Bouchard makes no mystery of his ambitions. ‘Mark my word: by the end of the decade, we’ll have doubled in size. Perhaps even tripled. Some in the firm get a bit edgy when I say this. Sometimes I hear people say, ‘he’s mad’. But we’ve got the potential for it. If we reach the same results throughout Western Europe as we have done in France and Belgium, we’ll be at €10bn in revenue. That’s not an objective figure, but it clearly shows our potential.’
Some of this growth will be organic, coming from the needs of fast-growing clients and a steadily growing IT services market. But a European IT landscape that is still fragmented offers many prospects for consolidation too. ‘The businesses we’re interested in are those making €20m in revenue and employing 100 people,’ explains Bouchard. ‘They’re firms who can make good use of a big industrial partner.’
Bouchard does not think the pandemic will bother Econocom much in the long term. ‘In the short term, it’s a little annoying. At the start of the pandemic, for example, we had big clients who simply stopped paying us. And now we’re having to put up with late deliveries like everyone else. But that’s the same everywhere. For months now, I’ve had to open my entrance gate in Paris by hand because I can’t order a new motor. I don’t know when it’ll finally be over, but I don’t think it’s a structural problem.’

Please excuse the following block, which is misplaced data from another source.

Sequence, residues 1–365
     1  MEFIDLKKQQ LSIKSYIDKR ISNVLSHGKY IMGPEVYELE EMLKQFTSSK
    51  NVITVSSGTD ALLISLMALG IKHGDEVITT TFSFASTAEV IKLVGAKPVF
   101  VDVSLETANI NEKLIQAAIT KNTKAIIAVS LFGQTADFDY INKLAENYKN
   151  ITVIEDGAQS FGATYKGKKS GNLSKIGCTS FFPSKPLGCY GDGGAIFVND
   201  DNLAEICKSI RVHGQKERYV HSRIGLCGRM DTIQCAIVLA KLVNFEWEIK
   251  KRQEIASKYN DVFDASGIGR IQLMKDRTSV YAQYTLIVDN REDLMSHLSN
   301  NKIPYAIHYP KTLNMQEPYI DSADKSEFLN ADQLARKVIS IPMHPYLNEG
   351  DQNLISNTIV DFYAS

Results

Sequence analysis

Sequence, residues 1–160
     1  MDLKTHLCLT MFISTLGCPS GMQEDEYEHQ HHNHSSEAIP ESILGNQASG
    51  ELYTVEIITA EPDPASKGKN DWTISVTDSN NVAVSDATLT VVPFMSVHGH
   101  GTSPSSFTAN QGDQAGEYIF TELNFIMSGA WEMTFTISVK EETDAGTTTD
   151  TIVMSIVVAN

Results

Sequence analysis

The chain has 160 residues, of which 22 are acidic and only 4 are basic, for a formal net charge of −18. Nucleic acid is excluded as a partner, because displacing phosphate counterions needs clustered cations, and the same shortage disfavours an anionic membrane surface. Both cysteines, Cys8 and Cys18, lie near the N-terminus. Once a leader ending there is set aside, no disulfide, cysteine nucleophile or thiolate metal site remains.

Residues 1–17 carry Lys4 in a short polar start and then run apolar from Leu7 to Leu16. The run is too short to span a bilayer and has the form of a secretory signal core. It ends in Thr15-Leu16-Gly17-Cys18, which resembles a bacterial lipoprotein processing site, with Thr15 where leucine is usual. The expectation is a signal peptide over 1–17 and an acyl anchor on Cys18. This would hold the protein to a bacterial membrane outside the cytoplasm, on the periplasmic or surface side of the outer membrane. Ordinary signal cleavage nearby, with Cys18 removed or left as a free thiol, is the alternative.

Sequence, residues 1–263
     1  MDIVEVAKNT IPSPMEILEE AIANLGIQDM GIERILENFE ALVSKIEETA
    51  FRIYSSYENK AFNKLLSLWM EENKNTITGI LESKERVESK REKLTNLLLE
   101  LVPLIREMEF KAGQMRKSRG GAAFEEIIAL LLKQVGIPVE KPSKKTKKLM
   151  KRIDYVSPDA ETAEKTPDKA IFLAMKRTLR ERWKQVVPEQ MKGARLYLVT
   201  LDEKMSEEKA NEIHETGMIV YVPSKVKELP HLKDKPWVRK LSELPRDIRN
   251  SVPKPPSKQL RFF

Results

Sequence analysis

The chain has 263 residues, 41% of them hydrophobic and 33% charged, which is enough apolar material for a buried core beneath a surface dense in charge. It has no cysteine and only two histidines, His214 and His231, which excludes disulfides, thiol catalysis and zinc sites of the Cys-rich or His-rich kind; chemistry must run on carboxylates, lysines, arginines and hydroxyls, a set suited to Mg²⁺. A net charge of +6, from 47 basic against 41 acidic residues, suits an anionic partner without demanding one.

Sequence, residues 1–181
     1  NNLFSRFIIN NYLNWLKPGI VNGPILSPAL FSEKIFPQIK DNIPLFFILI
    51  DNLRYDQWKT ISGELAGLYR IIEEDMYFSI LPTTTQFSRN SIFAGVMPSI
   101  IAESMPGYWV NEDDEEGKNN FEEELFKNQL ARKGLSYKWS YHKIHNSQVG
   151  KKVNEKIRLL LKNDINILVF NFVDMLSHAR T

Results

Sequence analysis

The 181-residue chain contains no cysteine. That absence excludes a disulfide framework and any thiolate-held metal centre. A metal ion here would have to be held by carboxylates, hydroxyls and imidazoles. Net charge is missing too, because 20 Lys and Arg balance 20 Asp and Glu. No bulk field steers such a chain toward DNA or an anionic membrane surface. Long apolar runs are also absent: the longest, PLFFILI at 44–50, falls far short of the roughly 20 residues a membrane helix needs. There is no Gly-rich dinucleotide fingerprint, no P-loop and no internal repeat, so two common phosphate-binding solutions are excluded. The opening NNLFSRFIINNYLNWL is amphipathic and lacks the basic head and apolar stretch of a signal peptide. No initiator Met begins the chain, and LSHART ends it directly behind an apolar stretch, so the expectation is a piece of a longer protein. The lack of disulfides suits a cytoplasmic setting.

What worries Bouchard is whether his employees will prove resilient. ‘We see two types of people at the moment. Those who’ve taken on more tasks during the pandemic and those who’ve reduced their workload because of the situation. The first type risks getting snowed under, the second risks losing their motivation. After two years, you can seek cracks appearing. I wonder how that’s going to turn out in the long term.’
PSG and horses
The patriarch hopes to subdue those concerns through the venture he’s offering them. ‘Building a business together and working towards the same goal is an adventure. There’s nothing better than feeling like you’re part of a team. You can compare that to a football team: the best teams are those with a team spirit.’
And that gets Bouchard started on the subject. ‘That’s why I can’t stand those clowns at Paris Saint-Germain. They’re a group of stars, not a team. And they do all they can to make those individuals even bigger stars, instead of turning them into a team. If Econocom ever became like PSG, it’d be a catastrophe.’
The Frenchman laughs when he sees his argument amuses us. ‘You need a bit of passion in life.’ His personal passion is horses. ‘Not for riding horses myself – my wife won’t let me. But I love their scent, their look and the way they move. I love everything that moves. Perhaps that’s why I love Econocom.’
Has he ever considered selling his love? ‘I often get asked that question. But why would I do that? I love my work. And I don’t need the money. The dividends are enough for me. With them, I can enjoy frivolous pursuits like experimenting with cryptocurrencies. Right now, I’m not taking advantage of those. But I’m certainly fascinated by the revolutionary potential of blockchains. And if you want to understand something, you should experience it first-hand.’
‘When I get bored, I’ll sell Econocom immediately. Getting bored is the worst thing in the world. But I don’t think I’ll ever get bored. We’ve still got so much to do.’
Article translated from De Tijd.